the quantity is not important in sadhana , what is important is quality ...

i make my wife fool that i am materiastic by doing some things she likes just for her sake , because i have a duty towards her because i have married her . serving the relatives should be regarded as a sadhana . after attending to the social responsibility , one should concentrate 100% on the sadhana , no matter how little time you give... quality matters !

with warm regards

 

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JSH Ravi Ji,

https://youtu.be/tebRuh2cD3I

https://youtu.be/fjL86UI7UJE

https://youtu.be/5dJ8mbvs3Ik

takeaway from Swami ji: Do every deed like it is a Sadhana and immerse in that devotional sentiment. Adopt acceptance.

 

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1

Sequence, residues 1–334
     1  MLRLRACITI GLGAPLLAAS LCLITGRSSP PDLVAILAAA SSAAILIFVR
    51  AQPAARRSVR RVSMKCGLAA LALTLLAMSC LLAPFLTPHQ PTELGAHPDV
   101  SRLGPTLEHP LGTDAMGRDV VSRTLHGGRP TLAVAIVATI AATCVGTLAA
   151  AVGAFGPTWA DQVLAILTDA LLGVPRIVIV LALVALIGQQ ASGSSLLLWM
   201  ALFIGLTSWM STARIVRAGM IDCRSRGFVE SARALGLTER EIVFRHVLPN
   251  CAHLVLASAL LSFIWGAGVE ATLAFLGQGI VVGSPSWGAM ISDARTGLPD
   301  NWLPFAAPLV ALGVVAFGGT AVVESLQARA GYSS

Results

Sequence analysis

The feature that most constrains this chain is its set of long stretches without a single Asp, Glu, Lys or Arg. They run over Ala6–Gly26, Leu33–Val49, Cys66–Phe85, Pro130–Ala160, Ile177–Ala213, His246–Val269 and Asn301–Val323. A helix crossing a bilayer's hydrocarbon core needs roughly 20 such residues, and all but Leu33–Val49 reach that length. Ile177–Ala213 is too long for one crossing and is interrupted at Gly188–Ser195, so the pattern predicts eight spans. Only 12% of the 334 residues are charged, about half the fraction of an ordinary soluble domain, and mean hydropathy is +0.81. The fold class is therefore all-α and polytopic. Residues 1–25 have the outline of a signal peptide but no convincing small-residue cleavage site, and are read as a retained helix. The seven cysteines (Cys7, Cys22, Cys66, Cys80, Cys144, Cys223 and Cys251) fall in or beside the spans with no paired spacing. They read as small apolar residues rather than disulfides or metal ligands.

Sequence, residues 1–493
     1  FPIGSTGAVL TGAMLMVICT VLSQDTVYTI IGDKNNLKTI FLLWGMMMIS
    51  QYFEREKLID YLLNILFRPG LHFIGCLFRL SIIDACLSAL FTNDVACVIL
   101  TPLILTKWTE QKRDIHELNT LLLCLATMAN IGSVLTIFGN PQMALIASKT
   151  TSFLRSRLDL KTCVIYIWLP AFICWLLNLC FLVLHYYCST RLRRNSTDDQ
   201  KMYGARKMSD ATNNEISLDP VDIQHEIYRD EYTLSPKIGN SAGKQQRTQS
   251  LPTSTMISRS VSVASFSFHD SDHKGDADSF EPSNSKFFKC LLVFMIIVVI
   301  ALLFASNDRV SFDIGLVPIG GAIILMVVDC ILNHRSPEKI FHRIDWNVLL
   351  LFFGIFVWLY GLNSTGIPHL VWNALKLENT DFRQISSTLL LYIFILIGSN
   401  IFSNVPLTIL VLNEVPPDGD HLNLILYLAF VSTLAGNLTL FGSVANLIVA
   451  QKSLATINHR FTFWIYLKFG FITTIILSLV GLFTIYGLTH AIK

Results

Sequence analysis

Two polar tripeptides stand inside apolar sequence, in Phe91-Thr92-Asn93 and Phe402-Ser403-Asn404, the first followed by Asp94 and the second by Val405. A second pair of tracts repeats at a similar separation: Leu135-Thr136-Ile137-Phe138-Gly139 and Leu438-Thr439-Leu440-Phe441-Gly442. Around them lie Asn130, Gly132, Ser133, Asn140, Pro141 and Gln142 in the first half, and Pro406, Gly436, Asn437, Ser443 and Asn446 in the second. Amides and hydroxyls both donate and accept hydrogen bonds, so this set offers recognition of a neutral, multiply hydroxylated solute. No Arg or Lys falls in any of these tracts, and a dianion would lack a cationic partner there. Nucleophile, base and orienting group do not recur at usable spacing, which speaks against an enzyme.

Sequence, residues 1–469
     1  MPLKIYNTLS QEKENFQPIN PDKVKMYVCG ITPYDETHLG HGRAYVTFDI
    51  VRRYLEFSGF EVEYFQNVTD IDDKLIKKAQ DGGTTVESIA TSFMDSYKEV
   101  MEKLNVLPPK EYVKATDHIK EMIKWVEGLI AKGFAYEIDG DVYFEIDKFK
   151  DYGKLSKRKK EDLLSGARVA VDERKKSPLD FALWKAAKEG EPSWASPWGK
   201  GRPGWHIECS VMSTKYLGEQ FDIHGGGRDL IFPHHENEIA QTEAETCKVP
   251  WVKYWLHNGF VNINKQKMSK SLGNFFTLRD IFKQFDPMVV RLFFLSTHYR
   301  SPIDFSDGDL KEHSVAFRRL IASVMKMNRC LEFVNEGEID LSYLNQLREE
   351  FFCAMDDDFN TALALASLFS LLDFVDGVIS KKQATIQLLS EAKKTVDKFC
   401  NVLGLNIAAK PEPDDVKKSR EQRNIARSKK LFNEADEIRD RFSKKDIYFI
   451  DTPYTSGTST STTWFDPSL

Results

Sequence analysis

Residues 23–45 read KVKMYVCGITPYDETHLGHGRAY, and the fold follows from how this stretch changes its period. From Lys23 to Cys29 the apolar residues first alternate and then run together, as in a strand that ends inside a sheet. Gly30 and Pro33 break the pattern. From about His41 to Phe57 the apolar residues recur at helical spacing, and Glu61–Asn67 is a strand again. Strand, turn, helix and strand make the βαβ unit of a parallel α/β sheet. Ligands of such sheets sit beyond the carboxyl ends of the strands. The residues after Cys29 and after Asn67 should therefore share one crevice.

Our culture,society and family are a huge part of our lives. But, we are all individuals. We have a right to our own minds, our own spaces and our own lives. It's true that man can't survive alone even though it's a controversial topic. If your family feels you are not doing enough for them then you need to be transparent with them. You need to explain that you have evolved. With each decade of our lives, our priorities are supposed to change. And we are also supposed to evolve. If you have always been a highly evolved spirit then that's another story. But if you are going through a spiritual evolution you need to explain that to your family. I am sure they will understand. And if you are feeling guilty for not spending quality time with your family watching television, then I really don't have a response to that. If necessary you can try watching inspiring programs with them on your mobile or laptop. I don't want to sound harsh but your family after all is an attachment. Are you sure you wish to continue with this form of attachment all your life? Attachments have needs and wants which never end. And the more you give the more they want from you. It's a never-ending process. But it's your life and your choice and ultimately your own decision.